What is surplus cash, how to determine it and what impact does this have on valuation? Surplus cash is often an overlooked variable when it comes to valuing a business, but it’s an important one. The typical way we value a sustainably profitable business is by using the ‘market method’. By calculating and arriving at an adjusted normalised level of profitability and multiplying the profit figure (adjusted EBITDA) by a selection of multiples from comparable listed companies and comparable transactions (in addition to other selected indices), we then arrive at the enterprise value of the business. The enterprise value needs to be adjusted to reflect its balance sheet to arrive at the equity value of the business, the value attributable to the shareholders. In simple terms, you add the cash balance and subtract the total debt figure from the enterprise value. From this you then get to a net cash or net debt position. But what important factors are there in determining surplus cash? Free cash versus trapped cash Start by looking at the balance sheet and calculating how much of this cash is ‘free cash’ and how much is ‘trapped cash’. There may be cash that is held as security or deposit or on behalf of a customer. All this trapped cash should not be included in the surplus cash calculation.

When we value a business, we tend to look at the last 12 monthly balance sheets as this helps calculate a normalised level of working capital. This is compared to the working capital figure as at the date of valuation; any shortfalls should result in an adjustment to a decreased surplus cash figure and vice versa. However, this ultimately comes back to understanding, in detail, the business being valued. There may be several genuine factors and clear business rationales contributing to a change in the working capital dynamic of the business, for example, they have changed to a supplier with more advantageous payment terms etc. In conclusion Ultimately there is no precise method or rule on how surplus cash should be calculated. However, there is a general rule of thumb which is could the cash theoretically be paid out to the shareholders via dividend? The overarching message is that an adviser really needs to understand the business, and all its intricacies, when making a valuation.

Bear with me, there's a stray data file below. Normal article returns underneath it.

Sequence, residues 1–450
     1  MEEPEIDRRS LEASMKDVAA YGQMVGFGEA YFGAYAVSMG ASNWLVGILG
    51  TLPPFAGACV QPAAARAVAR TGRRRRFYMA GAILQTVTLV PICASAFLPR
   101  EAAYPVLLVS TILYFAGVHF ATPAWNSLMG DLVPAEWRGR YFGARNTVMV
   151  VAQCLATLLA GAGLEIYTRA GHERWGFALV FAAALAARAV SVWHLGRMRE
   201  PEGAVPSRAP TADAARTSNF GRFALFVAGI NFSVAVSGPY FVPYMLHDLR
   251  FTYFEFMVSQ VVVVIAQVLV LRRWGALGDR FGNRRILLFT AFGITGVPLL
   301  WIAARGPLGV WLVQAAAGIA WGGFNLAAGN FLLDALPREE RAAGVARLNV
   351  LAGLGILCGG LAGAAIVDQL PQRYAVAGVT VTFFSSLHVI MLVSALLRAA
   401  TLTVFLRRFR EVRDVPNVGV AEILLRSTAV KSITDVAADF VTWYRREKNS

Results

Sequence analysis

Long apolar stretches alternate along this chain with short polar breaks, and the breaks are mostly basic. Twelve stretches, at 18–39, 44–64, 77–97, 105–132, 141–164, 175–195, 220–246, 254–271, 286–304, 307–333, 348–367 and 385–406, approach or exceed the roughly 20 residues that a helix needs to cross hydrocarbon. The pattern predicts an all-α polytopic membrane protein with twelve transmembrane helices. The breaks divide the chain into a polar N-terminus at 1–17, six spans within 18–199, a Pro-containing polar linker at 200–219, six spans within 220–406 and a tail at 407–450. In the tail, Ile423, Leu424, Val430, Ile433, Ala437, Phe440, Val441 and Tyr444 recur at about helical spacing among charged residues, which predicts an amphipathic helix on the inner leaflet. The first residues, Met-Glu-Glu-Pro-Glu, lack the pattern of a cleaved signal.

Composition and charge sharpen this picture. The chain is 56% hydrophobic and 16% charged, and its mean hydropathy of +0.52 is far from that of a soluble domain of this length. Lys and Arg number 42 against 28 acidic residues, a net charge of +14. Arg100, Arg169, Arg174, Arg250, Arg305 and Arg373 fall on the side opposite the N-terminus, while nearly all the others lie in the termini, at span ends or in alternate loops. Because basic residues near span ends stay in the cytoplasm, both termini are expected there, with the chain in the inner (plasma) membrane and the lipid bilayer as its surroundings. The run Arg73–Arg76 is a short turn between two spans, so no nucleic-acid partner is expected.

Working capital This is a crucial factor in determining the surplus cash figure. For instance, is the cash balance artificially inflated due to the business owners aggressively collecting its debtors unusually quickly and delaying payment to creditors?

Ned Brown ned@pemcf.com


PEM Valuations From time to time, your clients may ask you how to value their business. Such requests could be triggered by: ▪▪ ▪▪ ▪▪ ▪▪ ▪▪ ▪▪ ▪▪

Divorce Shareholder exit Disputes Restructuring Business planning Tax and Accounting Regulatory reasons

Yet for many advisers, valuations are not their day job. This is where the PEM Valuations team can help.

Why refer your clients to us? Focused Our valuations are produced by a specialist, multidisciplinary team with a valuations focus.

Personal We have a flat structure so clients always receive cost effective senior level attention.

Commercial Our real world experience in company sale and purchase negotiation means we don’t just claim to be commercial, we have the transaction record to prove it.

Tailored We do not use a software driven or “form-filling” approach. Our reports are based on a thorough understanding of the business to be valued, and tailored to the specific needs of the owner.

Get in touch: 01223 728 222 pemcf.com PEM Corporate Finance LLP is authorised and regulated by the Financial Conduct Authority, registered number 212875. Registered in England & Wales, company number OC302288 at Salisbury House, Station Road, Cambridge, CB1 2LA. If you no longer wish to receive this publication, or if you have had a change of address, please email info@pemcf.com.

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Valuation Snapshot - Winter 2019  

Our fifteenth edition of Valuation Snapshot, a newsletter aimed at professional advisers.

Valuation Snapshot - Winter 2019  

Our fifteenth edition of Valuation Snapshot, a newsletter aimed at professional advisers.

Profile for pemcf